[Tech : video ] Content 2004 by Lyberty; last
updated March 30, 2005
(Separated-Video) is better than a composite video connection.
But note that the bandwidth of S-video (also written
as "S Video") is the same as that of composite video. The
real benefit of an S-video connection is that it can reduce dot crawl,
hanging dots, and crawling edges that appear on the vertical and horizontal
edges (respectively) of some colored objects in the picture. [more]
S VIDEO, originally known as "Y/C Separated
video", is one of the higher quality ways to transmit the television
signal from a peripheral device (DVD player, PlayStation 2, whatever)
to a television. The way S-Video works is that it basically separates
the color information (Chrominance) from the brightness (Luminance).
By doing this, it reduces things like color bleeding and dot crawl and
greatly increases the general clarity and sharpness of the picture.
The reason that this is so is that televisions are designed to display
separate Luminance (Y) and Chrominance (C) signals.
S-Video connector pin-out:
The increase in picture quality that you'll get in platform games (like
the PS2) when you move from composite (yellow-plug) to S-Video is very
noticeable and is well worth spending the extra money to buy the optional
(not composite) Video [aka Analog Component Video; Y - Pb - Pr; red-green-blue]:
Uses a three jack cluster of wires with the ends color
coded green, blue, and red. (does not include audio cable).
Y-Pb-Pr, or what we nowadays refer to as component video
or color difference video, was invented to simplify video electronics
and reduce the overall bandwidth requirements for transmitting video
compared with RGB. In practice it provides one luminance signal with
full horizontal resolution and two color signals with reduced horizontal
Y = Luminance, Pb = Chrominance 1, Pr = Chrominance
From your DVD player or HDTV set top box to your TV,
it is analog, thus its full name "analog component video".
Also referred to as Y, R-Y, B-Y or color difference
video. Some DVD players label the green, blue, and red jacks Y, Cb,
Video [RCA or BNC] (aka "yellow-plug" video)
The old "AV" standard connector. The common
RCA connector is color-coded Yellow for Composite video.
The term "yellow-plug video" is recommended to help cut down
on confusion between "composite" and "component"
(which sound alike).
The four types of standard video connections described in the following
table give you four levels of video quality. Optimize your viewing experience
by using the best connection available for your connected component.
For example, if your DVD player supports a component video connection,
connect the DVD player to your Plasma TV using component video instead
of composite video or S-Video.
||Cable and Connector
||Component - The video signal is split into three signals,
two color and one black and white, giving you the best picture.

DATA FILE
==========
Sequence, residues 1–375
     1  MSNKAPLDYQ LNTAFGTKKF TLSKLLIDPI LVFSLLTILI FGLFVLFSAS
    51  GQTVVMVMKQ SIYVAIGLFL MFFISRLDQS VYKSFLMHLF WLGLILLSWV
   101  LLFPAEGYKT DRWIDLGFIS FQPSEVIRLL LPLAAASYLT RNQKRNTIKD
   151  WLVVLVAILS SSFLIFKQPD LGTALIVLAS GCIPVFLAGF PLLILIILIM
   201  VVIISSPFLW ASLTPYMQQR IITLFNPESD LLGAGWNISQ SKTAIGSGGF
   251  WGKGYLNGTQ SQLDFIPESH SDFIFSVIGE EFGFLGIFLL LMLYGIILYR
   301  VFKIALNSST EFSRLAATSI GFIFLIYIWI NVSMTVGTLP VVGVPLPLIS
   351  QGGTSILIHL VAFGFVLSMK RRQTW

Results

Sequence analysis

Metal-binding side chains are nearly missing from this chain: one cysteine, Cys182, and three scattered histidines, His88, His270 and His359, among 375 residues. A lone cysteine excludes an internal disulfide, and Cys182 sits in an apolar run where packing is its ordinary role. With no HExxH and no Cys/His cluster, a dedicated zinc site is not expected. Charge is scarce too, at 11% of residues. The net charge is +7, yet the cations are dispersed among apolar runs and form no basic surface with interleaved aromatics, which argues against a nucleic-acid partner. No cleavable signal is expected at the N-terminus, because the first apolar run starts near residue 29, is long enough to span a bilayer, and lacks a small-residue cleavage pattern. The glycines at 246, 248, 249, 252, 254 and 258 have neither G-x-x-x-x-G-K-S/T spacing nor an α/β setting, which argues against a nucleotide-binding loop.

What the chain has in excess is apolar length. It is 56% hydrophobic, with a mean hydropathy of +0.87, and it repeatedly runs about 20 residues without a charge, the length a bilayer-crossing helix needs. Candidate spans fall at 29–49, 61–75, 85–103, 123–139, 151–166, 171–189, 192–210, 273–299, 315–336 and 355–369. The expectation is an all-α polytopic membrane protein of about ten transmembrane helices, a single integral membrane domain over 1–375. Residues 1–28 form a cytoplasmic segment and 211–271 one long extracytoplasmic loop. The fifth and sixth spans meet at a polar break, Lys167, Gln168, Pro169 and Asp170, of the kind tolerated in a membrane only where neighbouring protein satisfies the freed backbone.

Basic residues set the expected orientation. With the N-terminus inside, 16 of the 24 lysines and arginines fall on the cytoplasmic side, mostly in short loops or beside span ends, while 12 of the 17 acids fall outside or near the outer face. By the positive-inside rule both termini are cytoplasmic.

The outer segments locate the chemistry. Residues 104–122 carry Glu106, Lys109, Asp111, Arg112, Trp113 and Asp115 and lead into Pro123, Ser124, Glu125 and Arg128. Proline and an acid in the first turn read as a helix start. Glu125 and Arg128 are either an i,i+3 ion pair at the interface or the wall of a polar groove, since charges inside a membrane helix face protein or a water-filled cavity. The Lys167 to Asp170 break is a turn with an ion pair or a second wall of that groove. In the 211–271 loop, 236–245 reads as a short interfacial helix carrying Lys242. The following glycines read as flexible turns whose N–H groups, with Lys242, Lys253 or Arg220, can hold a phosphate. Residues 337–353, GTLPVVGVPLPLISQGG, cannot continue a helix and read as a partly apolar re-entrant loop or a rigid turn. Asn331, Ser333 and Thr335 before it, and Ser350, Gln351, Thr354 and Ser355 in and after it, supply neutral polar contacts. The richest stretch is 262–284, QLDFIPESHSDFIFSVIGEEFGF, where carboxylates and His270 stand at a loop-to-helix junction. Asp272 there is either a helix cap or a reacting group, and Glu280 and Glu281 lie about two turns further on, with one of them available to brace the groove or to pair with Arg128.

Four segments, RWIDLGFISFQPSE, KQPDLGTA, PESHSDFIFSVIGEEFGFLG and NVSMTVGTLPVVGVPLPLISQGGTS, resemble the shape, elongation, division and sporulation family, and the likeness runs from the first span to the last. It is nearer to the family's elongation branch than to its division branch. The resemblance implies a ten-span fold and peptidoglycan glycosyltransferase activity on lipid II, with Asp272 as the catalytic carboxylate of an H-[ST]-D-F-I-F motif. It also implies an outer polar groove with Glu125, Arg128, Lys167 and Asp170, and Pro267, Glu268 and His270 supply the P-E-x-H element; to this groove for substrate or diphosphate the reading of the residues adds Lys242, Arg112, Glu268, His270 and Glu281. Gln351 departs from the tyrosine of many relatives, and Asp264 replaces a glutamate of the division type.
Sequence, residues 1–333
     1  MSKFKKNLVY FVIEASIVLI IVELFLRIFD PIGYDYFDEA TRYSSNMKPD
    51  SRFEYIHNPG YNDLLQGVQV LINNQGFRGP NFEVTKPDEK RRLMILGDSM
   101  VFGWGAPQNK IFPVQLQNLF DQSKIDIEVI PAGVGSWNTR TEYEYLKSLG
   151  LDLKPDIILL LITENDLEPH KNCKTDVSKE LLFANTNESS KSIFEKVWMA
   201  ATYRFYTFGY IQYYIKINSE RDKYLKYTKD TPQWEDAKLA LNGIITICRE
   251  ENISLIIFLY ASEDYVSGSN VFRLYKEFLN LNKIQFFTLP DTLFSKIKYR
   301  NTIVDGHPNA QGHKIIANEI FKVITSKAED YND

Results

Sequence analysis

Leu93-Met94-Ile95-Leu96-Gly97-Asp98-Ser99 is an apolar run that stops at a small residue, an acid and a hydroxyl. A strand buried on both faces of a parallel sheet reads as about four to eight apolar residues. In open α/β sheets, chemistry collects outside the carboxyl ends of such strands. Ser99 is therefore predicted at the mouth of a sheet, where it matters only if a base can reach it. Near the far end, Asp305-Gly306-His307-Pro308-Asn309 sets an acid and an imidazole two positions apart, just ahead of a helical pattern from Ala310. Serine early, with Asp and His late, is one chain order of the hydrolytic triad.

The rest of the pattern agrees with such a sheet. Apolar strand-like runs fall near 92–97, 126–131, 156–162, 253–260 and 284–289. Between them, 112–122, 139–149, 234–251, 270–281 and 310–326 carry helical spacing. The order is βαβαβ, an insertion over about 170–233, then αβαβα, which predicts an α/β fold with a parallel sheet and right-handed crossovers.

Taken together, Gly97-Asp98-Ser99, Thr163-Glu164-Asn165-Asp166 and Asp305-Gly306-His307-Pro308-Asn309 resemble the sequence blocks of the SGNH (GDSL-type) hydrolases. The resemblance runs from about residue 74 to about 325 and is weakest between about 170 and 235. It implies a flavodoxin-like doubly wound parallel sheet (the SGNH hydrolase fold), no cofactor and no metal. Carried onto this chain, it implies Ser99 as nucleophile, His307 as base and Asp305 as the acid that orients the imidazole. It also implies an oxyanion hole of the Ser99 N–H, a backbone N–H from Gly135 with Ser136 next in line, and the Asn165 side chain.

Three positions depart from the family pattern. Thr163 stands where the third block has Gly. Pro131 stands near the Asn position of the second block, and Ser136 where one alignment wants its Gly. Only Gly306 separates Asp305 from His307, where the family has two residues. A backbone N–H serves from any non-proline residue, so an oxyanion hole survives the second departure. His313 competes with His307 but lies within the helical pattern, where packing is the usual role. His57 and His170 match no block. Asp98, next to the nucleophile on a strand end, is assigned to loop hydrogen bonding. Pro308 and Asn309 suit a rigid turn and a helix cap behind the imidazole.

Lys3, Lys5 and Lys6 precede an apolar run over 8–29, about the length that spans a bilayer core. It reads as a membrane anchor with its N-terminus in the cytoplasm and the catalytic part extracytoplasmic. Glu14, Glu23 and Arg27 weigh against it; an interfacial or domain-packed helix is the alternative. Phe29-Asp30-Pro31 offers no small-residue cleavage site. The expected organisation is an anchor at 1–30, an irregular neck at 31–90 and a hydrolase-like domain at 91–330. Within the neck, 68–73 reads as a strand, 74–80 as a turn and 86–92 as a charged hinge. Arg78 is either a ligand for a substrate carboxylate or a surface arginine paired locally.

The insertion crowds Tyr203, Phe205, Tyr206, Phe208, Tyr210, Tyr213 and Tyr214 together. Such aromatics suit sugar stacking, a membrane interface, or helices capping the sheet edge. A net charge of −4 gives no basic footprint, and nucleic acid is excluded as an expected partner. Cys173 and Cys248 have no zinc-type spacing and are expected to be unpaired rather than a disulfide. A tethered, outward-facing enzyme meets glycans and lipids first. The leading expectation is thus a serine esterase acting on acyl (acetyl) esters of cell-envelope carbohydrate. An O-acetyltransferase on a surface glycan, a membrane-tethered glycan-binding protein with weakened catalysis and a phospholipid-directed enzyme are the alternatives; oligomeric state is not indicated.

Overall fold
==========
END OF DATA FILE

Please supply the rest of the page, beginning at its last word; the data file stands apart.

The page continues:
Use component video to take advantage of the superior picture found
in such signal sources as HDTV and progressive DVD.
||S-Video - The video signal is split into two signals, giving
you an even better quality picture. For example, text displayed
on-screen using this connection is noticeably sharper than composite
or coaxial (RF).
||Composite ("yellow plug") - The video signal
is carried through a single "pin". This connection type is the one
that is most commonly found on video devices (as of 2004/2005).
||Coaxial (RF) - The video and audio signals are both carried
in one cable. Used for antenna and cable signals.
(The other three connection types only handle video, requiring separate
connections for sound.)
But what about those red and white connectors?
Stereo Analog Audio connections use red and White color coded "RCA"
connections. These support mono or stereo analog audio.
Building a home theatre: Get a 27" or bigger
TV with a component video input.
The only feature you should shop for when buying this
TV is a component input (in addition to composite and
s-video). This input is about 1/2 an inch in diameter with about
five pins in the center.
Component video comes in different non-interchangeable
formats (scan rate formats) for regular TV or HDTV, for example:
Interlaced or 480i from a standard NTSC DVD player : : 480i = NTSC interlaced
video = 640x480 pixels = 480 displayed horizontal lines of resolution
480p from a progressive scan NTSC DVD player : : 480p = NTSC progressive
scan = 640x480 pixels = 480 displayed horizontal lines of resolution
720p (HDTV) :: 720 displayed horizontal lines of resolution
1080i (HDTV) :: 1080 displayed horizontal lines of resolution
Note: Typically, standard TVs and HDTVs support only a 60Hz refresh
Component or s-video? ( vs.)
S-Video: separates chrominance and luminance
Component: further separates chrominance into two signals
This is why component is better. Makes a big difference even on an analog
tv when using a dvd player.
Recomendation: Use high quality cables. Gold plated, double shielded,
and made for video only.
Note: If your DVD player does not have a progressive
scan (480p) button then the signal will be 480i.
to part 2 of this article: digital video connections >